James Watson is a geneticist, molecular biologist, and zoologist. He is credited with co-authoring the academic paper that propounded the double helix structure of nucleic acids such as DNA for which he was awarded the Nobel Prize in 1962. In 1977, he was honored with the Presidential Medal of Freedom. In 1997, he was awarded the National Medal of Science.
Fridtjof Nansen was a Norwegian polymath who won the prestigious Nobel Peace Prize in 1922 for his post-war efforts after the First World War. A well-known explorer, humanitarian, and diplomat, Nansen achieved international fame for his attempt to reach the geographical North Pole during his Fram expedition. His techniques and innovations influenced a generation of succeeding Antarctic and Arctic expeditions.
Ernst Haeckel had initially practiced medicine before he gained an interest in Charles Darwin’s theory and began exploring zoology and related fields. He not only coined terms such as ecology, but also named numerous species and created a genealogical tree. He drew numerous figures of animals and sea creatures, too.
Georges Cuvier was a French zoologist and naturalist. A major figure in the early 19th century's research of natural sciences, Cuvier played an important role in establishing the fields of comparative paleontology and anatomy by comparing fossils with living animals, for which he is sometimes regarded as the founding father of paleontology.
Nobel Prize-winning Austrian zoologist Konrad Lorenz is remembered as a pioneer of ethology. The son of a surgeon father and a physician mother, Lorenz was a qualified physician himself. A university degree awarded to him was rescinded posthumously due to his association with the Nazi party
James Robertson Justice was a British actor best remembered for playing pompous authority figures in comedy films. He achieved popularity after playing Sir Lancelot Spratt in each of the seven movies in the Doctor film series.
Walter Reed was a U.S. Army physician best remembered for leading a team which confirmed that yellow fever gets transmitted by a mosquito rather than by direct contact. His work went a long way in the fight against yellow fever.
Thomas Hunt Morgan was an evolutionary biologist, geneticist, and embryologist. He won the Nobel Prize in Physiology or Medicine in 1933. He worked extensively on the role that the chromosome plays in heredity and demonstrated that genes are carried on chromosomes. In his later career, he established the division of biology at the California Institute of Technology.
Louis Agassiz was a biologist and geologist. He was famous as a scholar of Earth's natural history. Born in Switzerland, he completed his education in Europe and emigrated to USA. He was appointed a professor of zoology and geology at Harvard University. He later founded the Museum of Comparative Zoology at the Lawrence Scientific School.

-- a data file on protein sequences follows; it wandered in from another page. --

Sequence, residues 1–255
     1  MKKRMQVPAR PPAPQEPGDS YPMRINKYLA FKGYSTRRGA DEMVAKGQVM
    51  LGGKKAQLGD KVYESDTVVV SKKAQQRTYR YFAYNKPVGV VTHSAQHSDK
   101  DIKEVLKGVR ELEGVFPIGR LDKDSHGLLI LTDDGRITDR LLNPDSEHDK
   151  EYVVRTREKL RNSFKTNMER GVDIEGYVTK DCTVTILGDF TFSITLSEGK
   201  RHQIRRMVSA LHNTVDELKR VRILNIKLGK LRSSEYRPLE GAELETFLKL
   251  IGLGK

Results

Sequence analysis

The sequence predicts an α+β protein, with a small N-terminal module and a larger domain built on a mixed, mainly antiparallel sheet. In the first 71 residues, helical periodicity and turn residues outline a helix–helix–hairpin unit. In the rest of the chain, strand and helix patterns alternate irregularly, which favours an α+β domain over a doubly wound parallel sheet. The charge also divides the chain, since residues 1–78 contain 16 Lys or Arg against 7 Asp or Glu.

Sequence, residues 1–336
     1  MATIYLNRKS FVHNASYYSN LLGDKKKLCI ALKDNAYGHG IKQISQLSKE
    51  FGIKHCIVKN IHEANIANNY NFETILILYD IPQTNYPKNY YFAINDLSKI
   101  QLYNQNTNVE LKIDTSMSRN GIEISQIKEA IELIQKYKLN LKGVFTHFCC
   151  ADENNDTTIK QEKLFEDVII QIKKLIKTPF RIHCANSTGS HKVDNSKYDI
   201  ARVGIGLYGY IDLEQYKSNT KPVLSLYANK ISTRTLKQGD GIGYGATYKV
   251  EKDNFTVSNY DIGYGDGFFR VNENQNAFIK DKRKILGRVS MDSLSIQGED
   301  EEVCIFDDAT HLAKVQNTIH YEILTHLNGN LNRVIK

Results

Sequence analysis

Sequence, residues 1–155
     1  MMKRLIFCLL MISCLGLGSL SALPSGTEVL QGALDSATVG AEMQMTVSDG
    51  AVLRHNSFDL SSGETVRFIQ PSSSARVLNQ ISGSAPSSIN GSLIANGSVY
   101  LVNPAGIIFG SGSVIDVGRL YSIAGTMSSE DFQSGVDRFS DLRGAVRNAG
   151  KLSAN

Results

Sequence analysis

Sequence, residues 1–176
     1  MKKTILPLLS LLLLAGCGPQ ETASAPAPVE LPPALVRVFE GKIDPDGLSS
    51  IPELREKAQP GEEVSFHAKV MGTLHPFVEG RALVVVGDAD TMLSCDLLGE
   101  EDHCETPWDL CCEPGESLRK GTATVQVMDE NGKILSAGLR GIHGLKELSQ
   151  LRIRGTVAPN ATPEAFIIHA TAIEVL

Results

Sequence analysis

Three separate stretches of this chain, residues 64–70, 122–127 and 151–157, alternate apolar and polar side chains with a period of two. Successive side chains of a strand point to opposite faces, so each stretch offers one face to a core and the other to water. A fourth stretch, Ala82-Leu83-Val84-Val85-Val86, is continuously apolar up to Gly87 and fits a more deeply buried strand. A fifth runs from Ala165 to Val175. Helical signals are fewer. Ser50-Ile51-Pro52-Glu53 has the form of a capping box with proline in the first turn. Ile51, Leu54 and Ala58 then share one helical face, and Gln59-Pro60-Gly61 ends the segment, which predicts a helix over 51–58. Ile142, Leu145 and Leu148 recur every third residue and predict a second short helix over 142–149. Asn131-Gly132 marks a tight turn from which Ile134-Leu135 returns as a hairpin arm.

Walter Rothschild, 2nd Baron Rothschild was a British soldier, politician, zoologist, and banker. He is best remembered for his service as the president of the largest Jewish communal organization in the UK, the Board of Deputies of British Jews, between 1925 and 1926. Walter Rothschild also made immense contributions to the field of zoology.
Celebrated American zoologist Jim Fowler is best remembered for co-hosting Mutual of Omaha's Wild Kingdom with Marlin Perkins. He also appeared multiple times on The Tonight Show and Late Night. A talented baseball player in college, he rejected pro baseball offers to follow a career as a naturalist.
Alfred Kinsey was an American biologist, sexologist, and professor of zoology and entomology. He is credited with founding the Indiana University's Institute for Sex Research in 1947. Kinsey's research on human sexuality and his other works have influenced cultural and social values in the USA as well as internationally. In 2012, Kinsey was inducted into Chicago's Legacy Walk.
Geneticist Anne McLaren is remembered for her pioneering research in embryology that paved the way for further research in fertility treatments such as in-vitro fertilization. The Royal Society fellow had also appeared as a child actor in the film adaptation of the H.G. Wells novel Things to Come.
Desmond Morris is an English ethologist, zoologist, author, and surrealist painter. He is well-known for his book The Naked Ape and for his TV shows, such as Zoo Time. Desmond Morris is also known for his work as the writer and presenter of the popular BBC documentary The Human Animal.
Ernest Everett Just was an African-American biologist and academic. He is credited with recognizing the fundamental role of the cell surface in the development of organisms. As a black boy growing up in the late 19th century, he had to face enormous challenges before he could establish himself in his career. He co-founded the Omega Psi Phi Fraternity, Inc.
John Edward Gray was a British zoologist best remembered for his association with the British Museum in London, where he was the keeper of zoology from 1840 to 1874. John Edward Gray is also remembered for publishing several records of the museum collections that included descriptions of new species.
Paul R. Ehrlich is a biologist best known for the 1968 book The Population Bomb, which he co-authored with his wife, Anne. He kindled controversy for his views on the consequences of population growth in a world with limited resources. He has been called an "irrepressible doomster” by his critics, while his supporters credit him for spreading concern about overpopulation.
Remembered as the first president of the Leland Stanford Junior University, now known as Stanford University, David Starr Jordan was a reputed ichthyologist. An anti-war activist, too, who opposed America’s participation in World War I, he spent his later years as the chief director of the World Peace Foundation.
Peter Medawar was a Brazilian-British writer and biologist. His discovery of acquired immune tolerance and his works on graft rejection were foundational to the medical practice of organ and tissue transplants. Peter Medawar is often referred to as the father of transplantation for his scientific works. Peter Medawar is also remembered for his wit.